Oil and gas make up 40.8 percent of Colombia’s exports, with crude petroleum taking top spot. These, along with coal and mining exports, would be subject to a new 10 percent export tax. Selling, using, or importing coal would be taxed about $4.60 per ton. These taxes add up to 23 percent of the additional revenue the reform would collect. Also, those paying royalties to the state for the exploitation of non-renewable resources would no longer be able to claim deductions for income taxes.

Sergio Olarte, chief economist at Scotiabank Colpatria, said that the mining and oil sectors would be the hardest hit by the reform, and that foreign direct investment (2.8 percent of the country’s GDP) would falter heavily. He adds that some companies are opting to invest in nearby Guyana instead of Colombia because the former has no tax on oil exports. But Guzmán thinks the extractive sector can withstand those taxes, given that more countries are looking for new oil sources, the price of petroleum and mining products is rising, and Russia closed the Nord Stream One Pipeline to Europe. “Colombia can gain quite a significant windfall from increased exports in terms of oil and gas and even coal,” he said.

What will the reform actually look like?

Guzmán reckons the tax reform won’t be as transformative as promised. “The people who voted for Petro…are expecting very broad, very ambitious, very aggressive changes,” he said. “And Petro—for all the reasons we know—is going to be unable to deliver on that.” 

He cited the makeup of Petro’s coalition in Congress as his main weakness, as it includes many “traditional parties that are not going to play ball with this broad reform.” In terms of what aspects of the reforms could change, Guzmán said: “It's better to talk about the things he's not willing to compromise on because I think everything else is on the table.” While the Petro administration seems more willing to take a hit on revenue goals, it is less likely to accept changes on what Guzmán calls the “symbols” of the reform: increasing taxes on the wealthy, the extractive sector, and processed or sugary foods. It will do what it can to avoid a bump in taxes on low-income individuals. 

Will it pass?

Petro, who had issues working with others as the mayor of Bogotá may be a changed politician in that regard, says Diana Durán of the Washington Post. He understands that he needs alliances to survive and to actually make it as president, she said, noting that key to his success will be his interior minister, who acts as the liaison between Congress and the presidency. Interior Minister Alfonso Prada is a pragmatic centrist who worked as secretary general of the presidency in the Juan Manuel Santos administration. His appointment shows that Petro may be more willing to compromise to fulfill his agenda.

Prada, for his part, has called for mobilization in support of the reform. Guzmán said this is because the president understands that public opinion is a check on executive power, and he’s trying to channel the fervor from 2021’s social unrest to push his legislative agenda. On the other side, some companies and sectors, such as tourism and oil, are lobbying legislators against the reform, saying it threatens investment and job creation.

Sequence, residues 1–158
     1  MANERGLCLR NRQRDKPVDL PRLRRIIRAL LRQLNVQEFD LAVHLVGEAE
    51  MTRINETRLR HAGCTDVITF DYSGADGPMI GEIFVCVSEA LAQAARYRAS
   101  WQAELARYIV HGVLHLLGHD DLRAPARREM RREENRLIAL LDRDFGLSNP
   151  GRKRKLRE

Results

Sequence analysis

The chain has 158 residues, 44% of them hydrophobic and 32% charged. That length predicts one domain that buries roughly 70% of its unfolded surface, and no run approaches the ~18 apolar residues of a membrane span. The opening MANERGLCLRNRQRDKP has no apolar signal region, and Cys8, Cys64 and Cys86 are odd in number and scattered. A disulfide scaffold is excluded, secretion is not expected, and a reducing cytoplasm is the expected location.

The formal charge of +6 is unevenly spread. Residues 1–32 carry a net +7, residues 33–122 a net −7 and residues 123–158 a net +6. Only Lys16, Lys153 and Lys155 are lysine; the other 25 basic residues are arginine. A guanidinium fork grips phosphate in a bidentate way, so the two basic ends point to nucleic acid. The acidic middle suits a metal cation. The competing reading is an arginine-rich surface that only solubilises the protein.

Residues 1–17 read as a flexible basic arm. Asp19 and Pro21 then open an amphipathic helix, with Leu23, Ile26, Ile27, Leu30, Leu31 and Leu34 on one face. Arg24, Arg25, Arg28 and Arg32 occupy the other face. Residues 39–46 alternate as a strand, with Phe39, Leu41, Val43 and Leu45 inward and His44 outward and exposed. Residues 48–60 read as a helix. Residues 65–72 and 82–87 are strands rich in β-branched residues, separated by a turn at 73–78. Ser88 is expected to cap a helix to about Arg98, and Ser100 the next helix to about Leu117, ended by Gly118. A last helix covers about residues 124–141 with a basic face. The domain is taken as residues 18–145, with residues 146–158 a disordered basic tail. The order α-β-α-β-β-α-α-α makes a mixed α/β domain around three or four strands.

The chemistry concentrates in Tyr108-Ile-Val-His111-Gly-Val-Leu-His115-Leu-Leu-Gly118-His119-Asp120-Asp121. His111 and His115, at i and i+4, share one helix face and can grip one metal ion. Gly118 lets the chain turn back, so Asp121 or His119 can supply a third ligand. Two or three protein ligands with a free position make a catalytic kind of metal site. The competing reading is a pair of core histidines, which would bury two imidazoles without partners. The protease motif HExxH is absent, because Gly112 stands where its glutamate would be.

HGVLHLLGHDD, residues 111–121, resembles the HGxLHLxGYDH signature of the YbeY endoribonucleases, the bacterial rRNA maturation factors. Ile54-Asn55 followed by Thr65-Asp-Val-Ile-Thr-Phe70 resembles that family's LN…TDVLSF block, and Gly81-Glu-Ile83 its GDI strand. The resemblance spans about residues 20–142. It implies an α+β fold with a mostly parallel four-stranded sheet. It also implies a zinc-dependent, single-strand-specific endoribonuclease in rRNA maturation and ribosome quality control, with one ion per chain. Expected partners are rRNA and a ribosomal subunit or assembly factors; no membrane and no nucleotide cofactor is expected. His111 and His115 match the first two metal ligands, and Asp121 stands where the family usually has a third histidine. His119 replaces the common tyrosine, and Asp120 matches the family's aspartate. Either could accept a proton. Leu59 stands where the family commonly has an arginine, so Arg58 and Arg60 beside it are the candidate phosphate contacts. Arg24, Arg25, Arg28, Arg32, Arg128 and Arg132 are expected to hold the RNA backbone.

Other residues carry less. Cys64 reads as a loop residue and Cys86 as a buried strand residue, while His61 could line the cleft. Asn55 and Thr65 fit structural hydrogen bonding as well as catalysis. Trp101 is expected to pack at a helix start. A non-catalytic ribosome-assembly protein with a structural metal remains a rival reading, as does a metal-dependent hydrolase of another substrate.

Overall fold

The administration has already dialed back its $5.6 billion proposal. Before his presidency, Petro had floated the reform’s revenue goal as both $11.2 billion and $16.9 billion. These compromises, says Olarte, are proof that Colombia’s institutions and legislative processes are functioning and healthy.

Guzmán noted that Duque’s unpopular tax reform was the anomaly and that this one will almost definitely pass. He expects that to happen on December 28, in the dead of night, in an extraordinary session of Congress, because tax reforms aren’t usually politically popular. “Petro is now pressed for time to try to pass this tax reform quickly,” Guzmán says. “Whereas other members of Congress are pressed for time to not pass this tax reform as quickly, so as to extract more concessions from the government.”

What has the reception been?

The reform’s goal of redistributing funds to the country’s hungry has played well with large segments of the population. Recent polling shows that 48 percent of the population approve of the reform, while 41 percent oppose it, with 70 percent of the population in favor of taxing the top 2 percent of earners.

“The public sees the reform very positively in general because they know that the government needs to increase their tax collection,” Amaya says. “When you say to the people [that] you're going to take all the exemptions away from the companies that they don't deserve…it sounds like a reasonable thing to do.

Olarte says the reform has left many frustrated. “Petro's administration promised a tax reform focused on personal taxes, but he didn't deliver that,” he says, noting that roughly 53 percent of the proposed new revenue comes from companies. “Almost every sector is saying, ‘You promised one thing and delivered another.’” Indeed, $2.5 billion of the $5.6 billion reform is focused on collecting taxes from businesses and the oil industry. Amaya notes, though, that businesses’ moves to create anti-reform protests have drawn few to the streets. 

On the other hand, many entrepreneurs, who are the subject of tax increases themselves, view the bill negatively, not only because of the tax on unrealized gains. Lluís Cañadell, the co-founder of a fintech app in Bogotá, posted on LinkedIn that the bill is, “about to wipe out Colombia’s thriving startup ecosystem.”